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Exp Cell Res. 2010 Apr 1;316(6):951-65. doi: 10.1016/j.yexcr.2009.12.013. Epub 2009 Dec 28.

Sdc1 negatively modulates carcinoma cell motility and invasion.

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  • 1Department of Cell and Tissue Biology, University of California San Francisco, 521 Parnassus Avenue, Room C-640, San Francisco, CA 94143-0640, USA.

Abstract

During cancer progression, tumor cells eventually invade the surrounding collagen-rich extracellular matrix. Here we show that squamous cell carcinoma cells strongly adhere to Type I collagen substrates but display limited motility and invasion on collagen barriers. Further analysis revealed that in addition to the alpha2beta1 integrin, a second collagen receptor was identified as Syndecan-1 (Sdc1), a cell surface heparan sulfate proteoglycan. We demonstrate that siRNA-mediated depletion of Sdc1 reduced adhesion efficiency to collagen I, whereas knockdown of Sdc4 was without effect. Importantly, silencing Sdc1 expression caused reduced focal adhesion plaque formation and enhanced cell spreading and motility on collagen I substrates, but did not alter cell motility on other ECM substrates. Sdc1 depletion ablated adhesion-induced RhoA activation. In contrast, Rac1 was strongly activated following Sdc1 knockdown, suggesting that Sdc1 may mediate the link between integrin-induced actin remodeling and motility. Taken together, these data substantiate the existence of a co-adhesion receptor system in tumor cells, whereby Sdc1 functions as a key regulator of cell motility and cell invasion by modulating RhoA and Rac activity. Downregulation of Sdc1 expression during carcinoma progression may represent a mechanism by which tumor cells become more invasive and metastatic.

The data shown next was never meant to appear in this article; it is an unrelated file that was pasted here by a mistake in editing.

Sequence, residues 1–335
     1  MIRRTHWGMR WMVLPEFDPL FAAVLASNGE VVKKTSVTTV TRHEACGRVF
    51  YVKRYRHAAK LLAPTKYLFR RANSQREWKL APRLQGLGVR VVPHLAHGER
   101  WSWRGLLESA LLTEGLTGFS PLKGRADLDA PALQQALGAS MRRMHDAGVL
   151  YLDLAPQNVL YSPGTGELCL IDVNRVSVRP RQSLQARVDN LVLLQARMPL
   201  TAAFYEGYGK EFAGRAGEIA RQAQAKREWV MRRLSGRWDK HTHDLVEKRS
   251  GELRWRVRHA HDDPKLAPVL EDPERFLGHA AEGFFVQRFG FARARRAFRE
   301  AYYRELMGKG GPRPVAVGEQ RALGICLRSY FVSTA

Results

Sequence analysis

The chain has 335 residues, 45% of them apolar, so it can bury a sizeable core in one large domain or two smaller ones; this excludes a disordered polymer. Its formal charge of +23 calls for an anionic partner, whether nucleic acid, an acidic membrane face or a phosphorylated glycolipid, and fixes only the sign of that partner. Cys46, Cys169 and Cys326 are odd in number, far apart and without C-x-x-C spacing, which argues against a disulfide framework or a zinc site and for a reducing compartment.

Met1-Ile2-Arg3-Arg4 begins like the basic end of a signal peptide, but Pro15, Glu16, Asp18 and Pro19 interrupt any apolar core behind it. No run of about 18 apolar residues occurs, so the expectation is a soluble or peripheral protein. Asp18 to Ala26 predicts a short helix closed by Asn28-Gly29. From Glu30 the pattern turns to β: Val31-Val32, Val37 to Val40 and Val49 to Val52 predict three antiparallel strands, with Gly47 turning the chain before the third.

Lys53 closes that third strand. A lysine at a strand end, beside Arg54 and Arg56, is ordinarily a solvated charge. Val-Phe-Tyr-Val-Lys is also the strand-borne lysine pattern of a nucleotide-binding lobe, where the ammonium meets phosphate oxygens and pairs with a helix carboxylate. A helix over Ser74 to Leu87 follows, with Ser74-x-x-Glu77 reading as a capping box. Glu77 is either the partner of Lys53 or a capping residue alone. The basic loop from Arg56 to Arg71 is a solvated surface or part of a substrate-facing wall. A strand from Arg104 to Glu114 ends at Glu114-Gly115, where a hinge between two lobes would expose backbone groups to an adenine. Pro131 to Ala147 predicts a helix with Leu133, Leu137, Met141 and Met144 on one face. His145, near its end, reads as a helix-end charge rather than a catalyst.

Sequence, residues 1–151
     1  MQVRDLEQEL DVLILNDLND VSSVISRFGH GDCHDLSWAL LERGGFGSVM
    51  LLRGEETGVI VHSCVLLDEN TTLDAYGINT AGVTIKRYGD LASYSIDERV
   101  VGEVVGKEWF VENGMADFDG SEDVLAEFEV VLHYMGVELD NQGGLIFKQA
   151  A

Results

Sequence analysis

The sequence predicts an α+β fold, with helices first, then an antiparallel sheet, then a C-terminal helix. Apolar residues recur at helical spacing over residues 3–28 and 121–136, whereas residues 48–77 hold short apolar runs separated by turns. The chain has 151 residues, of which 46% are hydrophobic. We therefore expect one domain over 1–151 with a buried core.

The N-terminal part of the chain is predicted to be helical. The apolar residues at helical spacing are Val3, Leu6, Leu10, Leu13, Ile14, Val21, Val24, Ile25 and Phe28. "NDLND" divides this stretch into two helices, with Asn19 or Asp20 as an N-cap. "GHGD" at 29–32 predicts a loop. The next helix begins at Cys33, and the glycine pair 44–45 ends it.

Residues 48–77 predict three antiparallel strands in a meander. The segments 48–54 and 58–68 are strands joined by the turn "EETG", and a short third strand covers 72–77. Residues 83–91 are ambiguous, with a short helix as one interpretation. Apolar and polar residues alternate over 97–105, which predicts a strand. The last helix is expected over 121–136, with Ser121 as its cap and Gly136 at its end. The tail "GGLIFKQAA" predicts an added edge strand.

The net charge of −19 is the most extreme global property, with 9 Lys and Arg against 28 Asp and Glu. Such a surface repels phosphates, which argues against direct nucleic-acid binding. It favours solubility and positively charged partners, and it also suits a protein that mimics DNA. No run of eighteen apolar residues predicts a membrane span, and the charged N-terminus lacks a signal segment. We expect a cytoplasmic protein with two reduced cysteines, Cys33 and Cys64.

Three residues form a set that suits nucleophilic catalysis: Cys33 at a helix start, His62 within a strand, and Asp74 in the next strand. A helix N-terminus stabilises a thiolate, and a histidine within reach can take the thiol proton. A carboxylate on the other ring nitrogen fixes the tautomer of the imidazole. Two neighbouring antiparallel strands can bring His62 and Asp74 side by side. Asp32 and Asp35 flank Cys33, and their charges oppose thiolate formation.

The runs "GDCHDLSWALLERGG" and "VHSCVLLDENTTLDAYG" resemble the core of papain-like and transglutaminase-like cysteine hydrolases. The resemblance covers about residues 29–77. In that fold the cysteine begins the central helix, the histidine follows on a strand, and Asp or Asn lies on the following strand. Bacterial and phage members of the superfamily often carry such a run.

Copyright (c) 2009 Elsevier Inc. All rights reserved.

PMID:
20036233
[PubMed - indexed for MEDLINE]
PMCID:
PMC2834805
Free PMC Article

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